This brings up a long-running criticism. The city of Little Rock can't finance this thing alone. Unless the major education institutions or private enterprise put in big money, it will be a hard slog. And without demonstrated benefit to hundreds of displaced people, it becomes a huge question of whether the Tech Park board should bulldoze residential neighborhoods.
The report notes some successes. But, significantly, parks touted by backers of the Little Rock park — in Virginia and South Carolina — have run into difficulties, the report notes. Take Virginia:
For example, at the Virginia Bio-Tech Research Park, two of the three publicly-held companies have moved out. As recently as last year, the Virginia Bio-Tech Research Park was in negotiations with Virginia Commonwealth University to sell two of its buildings. Furthermore, much of the park’s space is “occupied by entities that have nothing to do with the original purpose of incubating biotech start-ups and spinning them loose. Very little ‘clustering,’ or big-time corporate contract work, has been achieved. At times, it’s difficult to tell what distinguishes the biotech park from any other office park.”
How to avoid problems? Thirteen "best practices" are listed: Seek consensus, develop trust, don't rush, have multiple options, seek volunteers for sites and, among others:
Fully compensate all negative impacts of a facility—Compensation should be negotiated with potentially affected stakeholders. Compensation agreements for potentially affected stakeholders may include property value guarantees, relocation assistance, housing vouchers for renters, job training, and ensuring that public transportation is readily accessible to dislocated stakeholders.
Make the host community better off—Proponents of siting a facility in a particular community should respond to the real needs of potentially affected stakeholders in that community. Comprehensive benefits packages offered to residents could include tax abatements, providing amenities to residents (e.g., parks, access to public transportation), or even direct cash payments to residents. The net effect is that the potentially affected stakeholders feel that they are better off than before the facility displaced them. Laws and Susskind suggest that “incentive payments or promises to take actions of various kinds should be made over and above commitments to mitigate impacts or compensate a community for impacts that cannot be mitigated.”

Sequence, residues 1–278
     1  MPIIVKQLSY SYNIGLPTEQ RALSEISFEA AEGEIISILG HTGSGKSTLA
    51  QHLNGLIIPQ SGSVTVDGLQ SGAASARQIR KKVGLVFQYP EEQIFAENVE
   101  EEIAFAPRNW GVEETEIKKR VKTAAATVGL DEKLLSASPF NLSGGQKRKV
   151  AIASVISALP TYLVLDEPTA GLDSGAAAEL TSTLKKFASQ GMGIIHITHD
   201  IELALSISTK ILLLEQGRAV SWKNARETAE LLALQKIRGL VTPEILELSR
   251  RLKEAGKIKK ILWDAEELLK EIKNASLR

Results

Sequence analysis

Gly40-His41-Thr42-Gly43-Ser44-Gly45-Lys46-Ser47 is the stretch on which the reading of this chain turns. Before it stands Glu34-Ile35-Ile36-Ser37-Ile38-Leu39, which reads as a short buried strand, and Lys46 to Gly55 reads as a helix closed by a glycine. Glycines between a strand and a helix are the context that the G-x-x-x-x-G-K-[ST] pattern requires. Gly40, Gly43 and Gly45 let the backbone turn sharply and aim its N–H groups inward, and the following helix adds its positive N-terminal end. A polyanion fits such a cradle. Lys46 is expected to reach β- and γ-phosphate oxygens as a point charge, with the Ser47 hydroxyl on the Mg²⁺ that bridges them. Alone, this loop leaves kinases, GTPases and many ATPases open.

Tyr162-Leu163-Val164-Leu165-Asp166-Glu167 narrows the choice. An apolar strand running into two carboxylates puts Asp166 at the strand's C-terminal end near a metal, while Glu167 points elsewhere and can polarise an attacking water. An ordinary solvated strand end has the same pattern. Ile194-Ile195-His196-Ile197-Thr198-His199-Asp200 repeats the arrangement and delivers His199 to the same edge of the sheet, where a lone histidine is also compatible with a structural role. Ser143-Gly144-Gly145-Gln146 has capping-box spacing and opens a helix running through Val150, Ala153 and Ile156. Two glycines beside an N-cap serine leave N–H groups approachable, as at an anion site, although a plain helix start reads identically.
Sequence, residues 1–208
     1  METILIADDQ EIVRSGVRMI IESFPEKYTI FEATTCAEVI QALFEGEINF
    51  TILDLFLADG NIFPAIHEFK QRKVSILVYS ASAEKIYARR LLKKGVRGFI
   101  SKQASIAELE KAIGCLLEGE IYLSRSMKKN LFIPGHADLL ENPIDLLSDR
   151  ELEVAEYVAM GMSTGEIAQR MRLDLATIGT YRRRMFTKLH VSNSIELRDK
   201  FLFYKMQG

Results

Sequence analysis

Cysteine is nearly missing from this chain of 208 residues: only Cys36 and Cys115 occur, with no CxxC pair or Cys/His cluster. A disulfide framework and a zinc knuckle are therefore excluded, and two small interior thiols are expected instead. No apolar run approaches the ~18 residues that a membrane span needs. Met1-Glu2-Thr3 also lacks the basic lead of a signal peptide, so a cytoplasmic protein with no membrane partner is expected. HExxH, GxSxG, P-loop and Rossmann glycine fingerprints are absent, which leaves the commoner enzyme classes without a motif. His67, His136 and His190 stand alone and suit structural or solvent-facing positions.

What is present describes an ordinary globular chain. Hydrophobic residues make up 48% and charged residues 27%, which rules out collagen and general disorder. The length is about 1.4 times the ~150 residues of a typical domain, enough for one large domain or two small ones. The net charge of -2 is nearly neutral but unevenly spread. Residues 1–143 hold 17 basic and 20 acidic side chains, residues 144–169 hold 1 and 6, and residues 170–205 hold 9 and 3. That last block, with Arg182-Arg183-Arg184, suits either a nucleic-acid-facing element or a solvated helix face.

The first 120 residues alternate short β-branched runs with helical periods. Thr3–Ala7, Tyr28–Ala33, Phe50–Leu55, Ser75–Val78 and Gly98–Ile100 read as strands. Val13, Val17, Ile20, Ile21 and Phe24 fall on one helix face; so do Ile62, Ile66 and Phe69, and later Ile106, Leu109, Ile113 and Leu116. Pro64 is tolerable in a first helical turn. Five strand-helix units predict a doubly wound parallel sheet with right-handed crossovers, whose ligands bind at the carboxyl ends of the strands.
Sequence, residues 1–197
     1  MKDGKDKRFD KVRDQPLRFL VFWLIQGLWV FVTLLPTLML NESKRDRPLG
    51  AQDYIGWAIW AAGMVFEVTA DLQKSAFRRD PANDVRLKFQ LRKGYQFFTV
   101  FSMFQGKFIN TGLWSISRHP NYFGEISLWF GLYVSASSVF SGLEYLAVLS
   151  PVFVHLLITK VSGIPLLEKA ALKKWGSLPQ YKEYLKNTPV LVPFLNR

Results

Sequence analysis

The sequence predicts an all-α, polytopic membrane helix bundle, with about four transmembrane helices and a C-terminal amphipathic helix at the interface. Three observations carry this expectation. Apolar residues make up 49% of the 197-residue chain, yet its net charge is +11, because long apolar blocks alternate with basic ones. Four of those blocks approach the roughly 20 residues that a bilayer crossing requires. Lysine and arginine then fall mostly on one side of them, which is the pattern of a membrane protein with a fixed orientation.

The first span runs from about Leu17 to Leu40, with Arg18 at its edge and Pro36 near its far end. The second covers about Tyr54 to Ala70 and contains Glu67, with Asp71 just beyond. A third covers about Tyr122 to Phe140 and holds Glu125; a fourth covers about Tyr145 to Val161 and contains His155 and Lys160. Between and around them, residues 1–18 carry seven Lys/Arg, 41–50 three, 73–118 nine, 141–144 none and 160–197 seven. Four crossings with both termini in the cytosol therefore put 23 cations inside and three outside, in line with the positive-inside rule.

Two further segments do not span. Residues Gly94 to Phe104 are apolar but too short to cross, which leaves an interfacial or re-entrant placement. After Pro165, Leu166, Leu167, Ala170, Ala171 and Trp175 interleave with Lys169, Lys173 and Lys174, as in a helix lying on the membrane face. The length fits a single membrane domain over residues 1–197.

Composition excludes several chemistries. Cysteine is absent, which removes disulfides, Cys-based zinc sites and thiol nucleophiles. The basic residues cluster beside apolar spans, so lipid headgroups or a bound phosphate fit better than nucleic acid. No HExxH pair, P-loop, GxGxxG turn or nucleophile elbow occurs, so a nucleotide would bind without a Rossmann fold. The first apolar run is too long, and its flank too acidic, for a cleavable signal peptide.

Citing other reports, the UALR report says tech park developers too often hunker down and defend decisions "rather than engaging stakeholders in a timely and meaningful way. This breeds even greater public cynicism."
Uh, yes. But perhaps reports such as UALR's — and a demonstrated effort to follow its suggestions — could make a difference.
Little Rock Technology Park Authority Chairman Dr. Mary Good today released ‘Site Selection Considerations for Urban Research Parks,’ a report issued by the University of Arkansas at Little Rock Institute of Government.
The research highlights best practices that proponents of such facilities “must recognize in communicating with and involving potentially affected stakeholders in the process of site selection.”
According to Chairman Good, the ten-and-a-half page report will serve the board and community well as they collectively consider where best to locate the Little Rock Technology Park.